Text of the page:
Nestled on the southeast side of Louisiana is the Bayou State's capital, Baton Rouge. Named by French explorers after Sieur d’Iberville discovered a mysterious bloody cypress pole on a Mississippi River bank in 1699 (which may have acted as a land dividing line between the Indigenous Bayougoula and Houma tribes), as per Explore Louisiana, the "Red Stick" city is known for the American Revolution's Battle of Baton Rouge, its rich Cajun and Creole cultural influences, and Blues music history.
Despite the Baton Rouge City-Parish Planning Commission's FuturEBR master plan, which envisions a healthy, walkable "20-minute neighborhood" among other environmental protection goals, a 2015 WalletHub report found that "Baton Rouge is the least green city in America" out of the 100 most populated cities, as per WAFB.
For those traveling to the Louisiana capital, don't fret, because there are plenty of eco-friendly things to do. Check out our Green City Guide for Baton Rouge, La.
Where to stay: Baton Rouge's sustainable Hilton hotel has a secret underground tunnel system.
Hilton Baton Rouge Capitol Center:
Situated on the Mississippi River at 201 Lafayette Street, the Hilton Baton Rouge Capitol Center hotel is just two blocks from the Old State Capitol building, a national historic landmark and stunning museum that's well worth a visit. Additionally, the hotel — which occupies what used to be the Heidelberg Hotel built in 1927 — is just a five-minute walk from the Shaw Center for the Arts and the River Center Convention Center.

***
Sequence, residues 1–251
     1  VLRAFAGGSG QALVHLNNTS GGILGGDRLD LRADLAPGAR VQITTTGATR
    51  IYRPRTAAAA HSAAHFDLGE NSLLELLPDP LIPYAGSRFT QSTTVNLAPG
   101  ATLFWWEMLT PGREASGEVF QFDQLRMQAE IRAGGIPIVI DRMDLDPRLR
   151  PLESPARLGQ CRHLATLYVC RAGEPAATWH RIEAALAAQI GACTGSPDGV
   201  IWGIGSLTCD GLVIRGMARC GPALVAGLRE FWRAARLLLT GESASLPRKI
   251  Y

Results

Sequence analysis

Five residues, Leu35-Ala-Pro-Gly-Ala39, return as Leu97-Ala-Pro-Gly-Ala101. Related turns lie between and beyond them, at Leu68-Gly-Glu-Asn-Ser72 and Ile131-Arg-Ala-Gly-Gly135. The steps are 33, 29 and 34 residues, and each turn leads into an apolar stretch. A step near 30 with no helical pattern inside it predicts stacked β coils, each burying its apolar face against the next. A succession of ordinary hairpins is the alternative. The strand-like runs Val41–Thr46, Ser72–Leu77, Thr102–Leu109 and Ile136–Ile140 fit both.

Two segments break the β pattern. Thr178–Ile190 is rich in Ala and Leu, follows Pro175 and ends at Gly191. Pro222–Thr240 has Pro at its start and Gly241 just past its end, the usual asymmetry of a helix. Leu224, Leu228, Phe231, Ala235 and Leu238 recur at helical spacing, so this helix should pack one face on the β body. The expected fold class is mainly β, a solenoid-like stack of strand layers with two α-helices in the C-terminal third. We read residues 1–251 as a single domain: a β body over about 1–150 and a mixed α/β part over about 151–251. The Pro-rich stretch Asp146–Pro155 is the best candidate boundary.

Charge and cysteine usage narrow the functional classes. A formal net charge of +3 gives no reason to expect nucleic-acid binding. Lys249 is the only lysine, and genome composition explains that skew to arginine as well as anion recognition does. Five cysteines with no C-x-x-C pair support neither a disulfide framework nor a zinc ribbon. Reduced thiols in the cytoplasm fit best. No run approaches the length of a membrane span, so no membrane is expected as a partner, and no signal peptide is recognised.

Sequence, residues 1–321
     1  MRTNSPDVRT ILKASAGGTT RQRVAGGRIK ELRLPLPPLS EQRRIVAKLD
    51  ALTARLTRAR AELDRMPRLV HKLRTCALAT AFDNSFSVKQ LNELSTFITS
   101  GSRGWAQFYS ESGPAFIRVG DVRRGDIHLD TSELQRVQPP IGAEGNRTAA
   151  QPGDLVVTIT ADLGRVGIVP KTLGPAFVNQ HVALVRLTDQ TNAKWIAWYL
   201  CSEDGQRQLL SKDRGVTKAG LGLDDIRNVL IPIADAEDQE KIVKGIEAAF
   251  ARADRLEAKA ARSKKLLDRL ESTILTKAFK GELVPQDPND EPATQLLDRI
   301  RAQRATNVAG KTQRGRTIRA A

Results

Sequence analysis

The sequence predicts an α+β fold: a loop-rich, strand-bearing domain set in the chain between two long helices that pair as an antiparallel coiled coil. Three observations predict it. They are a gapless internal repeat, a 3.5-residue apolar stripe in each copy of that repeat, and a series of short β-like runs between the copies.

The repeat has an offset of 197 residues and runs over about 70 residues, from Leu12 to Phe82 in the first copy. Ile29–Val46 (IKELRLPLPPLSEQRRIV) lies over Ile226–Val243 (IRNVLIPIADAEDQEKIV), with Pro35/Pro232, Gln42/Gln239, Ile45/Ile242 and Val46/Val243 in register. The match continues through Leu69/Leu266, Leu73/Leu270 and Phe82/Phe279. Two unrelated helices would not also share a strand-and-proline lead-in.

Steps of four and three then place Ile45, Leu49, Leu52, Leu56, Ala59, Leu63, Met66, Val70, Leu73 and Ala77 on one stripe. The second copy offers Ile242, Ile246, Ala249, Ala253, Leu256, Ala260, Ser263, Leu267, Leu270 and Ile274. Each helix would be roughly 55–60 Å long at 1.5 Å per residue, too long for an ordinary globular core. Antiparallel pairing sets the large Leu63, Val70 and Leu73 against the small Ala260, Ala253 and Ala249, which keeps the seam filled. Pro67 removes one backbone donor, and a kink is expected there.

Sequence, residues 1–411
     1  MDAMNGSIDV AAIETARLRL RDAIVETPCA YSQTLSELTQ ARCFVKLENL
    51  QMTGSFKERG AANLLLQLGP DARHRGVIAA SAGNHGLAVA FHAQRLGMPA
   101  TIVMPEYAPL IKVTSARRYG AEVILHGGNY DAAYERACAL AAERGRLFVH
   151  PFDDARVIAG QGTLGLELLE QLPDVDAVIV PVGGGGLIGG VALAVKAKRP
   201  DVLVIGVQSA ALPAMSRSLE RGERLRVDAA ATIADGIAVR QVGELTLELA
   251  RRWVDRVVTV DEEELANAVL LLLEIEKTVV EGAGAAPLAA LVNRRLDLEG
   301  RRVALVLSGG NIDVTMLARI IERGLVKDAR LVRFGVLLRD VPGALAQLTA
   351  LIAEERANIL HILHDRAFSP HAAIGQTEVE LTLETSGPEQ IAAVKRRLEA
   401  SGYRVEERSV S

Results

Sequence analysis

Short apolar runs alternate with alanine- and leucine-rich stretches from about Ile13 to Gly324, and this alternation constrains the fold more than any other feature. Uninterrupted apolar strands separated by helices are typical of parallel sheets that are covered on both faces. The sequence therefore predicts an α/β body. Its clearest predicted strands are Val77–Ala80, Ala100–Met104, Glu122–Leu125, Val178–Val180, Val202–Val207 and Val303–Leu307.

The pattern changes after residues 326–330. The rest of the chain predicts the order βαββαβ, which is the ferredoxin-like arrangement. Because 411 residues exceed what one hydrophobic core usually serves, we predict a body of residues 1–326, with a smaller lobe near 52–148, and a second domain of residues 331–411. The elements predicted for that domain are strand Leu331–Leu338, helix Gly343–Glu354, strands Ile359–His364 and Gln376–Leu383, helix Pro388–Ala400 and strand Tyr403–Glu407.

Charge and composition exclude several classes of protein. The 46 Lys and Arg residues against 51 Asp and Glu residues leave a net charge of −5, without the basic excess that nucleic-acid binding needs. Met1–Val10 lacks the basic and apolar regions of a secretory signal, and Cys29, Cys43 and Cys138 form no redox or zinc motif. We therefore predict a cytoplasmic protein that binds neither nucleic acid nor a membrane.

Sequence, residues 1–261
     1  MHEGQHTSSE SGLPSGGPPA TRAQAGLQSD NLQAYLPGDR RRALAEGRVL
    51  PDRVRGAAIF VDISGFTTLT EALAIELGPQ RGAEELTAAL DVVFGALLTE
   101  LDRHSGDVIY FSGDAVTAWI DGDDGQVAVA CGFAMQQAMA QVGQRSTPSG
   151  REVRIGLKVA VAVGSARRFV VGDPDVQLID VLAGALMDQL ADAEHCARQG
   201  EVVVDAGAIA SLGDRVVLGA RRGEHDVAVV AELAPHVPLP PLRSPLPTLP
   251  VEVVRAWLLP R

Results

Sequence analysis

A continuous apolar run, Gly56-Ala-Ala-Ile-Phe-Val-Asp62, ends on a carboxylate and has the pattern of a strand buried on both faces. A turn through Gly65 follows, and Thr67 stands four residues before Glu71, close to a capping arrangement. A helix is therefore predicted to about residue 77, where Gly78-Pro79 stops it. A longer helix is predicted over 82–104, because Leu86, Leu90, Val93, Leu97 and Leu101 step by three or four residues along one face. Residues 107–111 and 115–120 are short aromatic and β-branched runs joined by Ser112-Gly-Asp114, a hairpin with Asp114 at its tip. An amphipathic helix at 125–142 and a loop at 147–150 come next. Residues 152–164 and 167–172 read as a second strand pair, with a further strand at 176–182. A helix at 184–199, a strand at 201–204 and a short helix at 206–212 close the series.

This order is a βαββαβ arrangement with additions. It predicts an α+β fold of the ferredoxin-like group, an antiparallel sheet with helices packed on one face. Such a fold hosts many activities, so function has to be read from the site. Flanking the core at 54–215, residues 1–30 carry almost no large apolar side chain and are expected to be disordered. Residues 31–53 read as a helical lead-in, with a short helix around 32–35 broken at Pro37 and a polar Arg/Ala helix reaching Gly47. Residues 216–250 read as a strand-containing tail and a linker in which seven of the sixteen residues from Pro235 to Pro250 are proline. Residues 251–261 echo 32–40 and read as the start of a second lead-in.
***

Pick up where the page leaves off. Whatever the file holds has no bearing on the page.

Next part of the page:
The Hilton Baton Rouge Capitol Center is part of Booking.com's Travel Sustainable program, earning a Travel Sustainable Level 3+ stamp of approval for its third-party sustainability certifications in the ares of environmental management systems, energy management systems, and quality management systems.
During your stay, be sure to check out The Tunnel Speakeasy for an underground drink to remember.
Where to eat in Baton Rouge: Enjoy vegan king cakes and Louisiana-inspired meals made with local ingredients.
At 445 N. 6th Street sits a rustic eatery with a "harvest-inspired" menu that "pays tribute to the region's traditions." Cocha is proud to offer dishes made with local seasonal produce and "sustainable" seafood, as well as vegetarian, vegan, and gluten-free menu options.
MJ's Café at 5162 Government Street is dedicated to offering the "freshest farm-to-table plant-based culinary creations while promoting healthy eating habits." Its delectable vegetarian, vegan, and gluten-free menu options include buffalo cauliflower pizza with vegan mozzarella and Thai peanut crunch salad.
Personally, we're intrigued by MJ's specialty vegan "baecon," a plant-based bacon alternative made of coconut flakes!
Inspired by Italy's fresh farm-to-table cuisine and coffee culture, James and Lina Jacobs opened the first Magpie Cafe in 2012. Located at 3205 Perkins Road, Magpie offers sweet and savory pastries, craft coffee, cakes, breads, sandwiches, teas, and more, many of which are vegan! Go on, pick up a vegan mini king cake (the Mardi Gras treat isn't only in New Orleans!) and a breakfast sandwich with tofu "egg," vegan cream cheese, and arugula on focaccia.